Equifax CEO Out After Major Breach

Richard Smith is out as Equifax CEO following a breach that potentially exposed the personal information of 143 million people.

Equifax is framing the departure as a retirement for Smith, who also served as chairman of the board, though he acknowledged it's really about the hack.

"The cybersecurity incident has affected millions of consumers, and I have been completely dedicated to making this right. At this critical juncture, I believe it is in the best interests of the company to have new leadership to move the company forward," Smith said in a statement.

The Equifax breach exposed credit card numbers for about 209,000 US consumers, and certain dispute documents with personal identifying information for 182,000 US consumers were accessed. Hackers also got their hands on names, Social Security numbers, birth dates, addresses, and some driver's license numbers.

Smith's departure is effective immediately, though he will be an "unpaid adviser" during the search for a new CEO. Until then, Paulino do Rego Barros, Jr., previously President of Asia Pacific for Equifax, will be interim CEO, while current board member Mark Feidler will become non-Executive Chairman.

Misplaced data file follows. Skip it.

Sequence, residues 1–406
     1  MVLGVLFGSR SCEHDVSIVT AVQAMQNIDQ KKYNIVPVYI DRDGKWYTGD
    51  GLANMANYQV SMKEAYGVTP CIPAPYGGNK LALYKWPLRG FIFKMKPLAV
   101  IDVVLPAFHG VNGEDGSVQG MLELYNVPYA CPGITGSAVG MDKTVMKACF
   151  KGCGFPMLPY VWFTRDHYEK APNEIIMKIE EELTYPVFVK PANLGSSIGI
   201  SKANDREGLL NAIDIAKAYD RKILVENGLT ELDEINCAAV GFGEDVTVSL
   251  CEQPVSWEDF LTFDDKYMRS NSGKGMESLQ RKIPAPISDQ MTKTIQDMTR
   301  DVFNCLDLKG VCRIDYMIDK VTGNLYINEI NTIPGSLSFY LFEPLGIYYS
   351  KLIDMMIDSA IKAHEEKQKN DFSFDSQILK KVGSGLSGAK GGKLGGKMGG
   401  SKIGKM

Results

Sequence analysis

"The Board remains deeply concerned about and totally focused on the cybersecurity incident," according to Feidler, who was previously president and COO of BellSouth Corporation and COO of Cingular Wireless. "We are working intensely to support consumers and make the necessary changes to minimize the risk that something like this happens again."

Feidler continued: "Speaking for everyone on the Board, I sincerely apologize. We have formed a Special Committee of the Board to focus on the issues arising from the incident and to ensure that all appropriate actions are taken."

For some people, appropriate action would be to shut down Equifax entirely, given that its entire business model is securing the personal information of consumers—who cannot opt out of having their data collected by Equifax.

Equifax's reponse was also criticized, as concerned citizens were directed to a website that asked them to enter their last name and last six digits of their Social Security numbers to see if they were affected. That was odd, coming from a company that had just experienced a cyber attack; why would you give it more personal information? But the responses people got after entering that information was also confusing and in many cases, unhelpful.

Earlier this month, Sen. Mark Warner—a member of the Banking, Budget and Finance committees and cofounder of the bipartisan Senate Cybersecurity Caucus—asked the Federal Trade Commission to examine the breach. The data stolen, he wrote, "will expose Americans to identity theft, tax fraud, extortion, and other risks.

The Senate Banking Committee has scheduled a hearing on the Equifax breach for Oct. 4, at which Smith is expected to testify.

This article originally appeared on PCMag.com.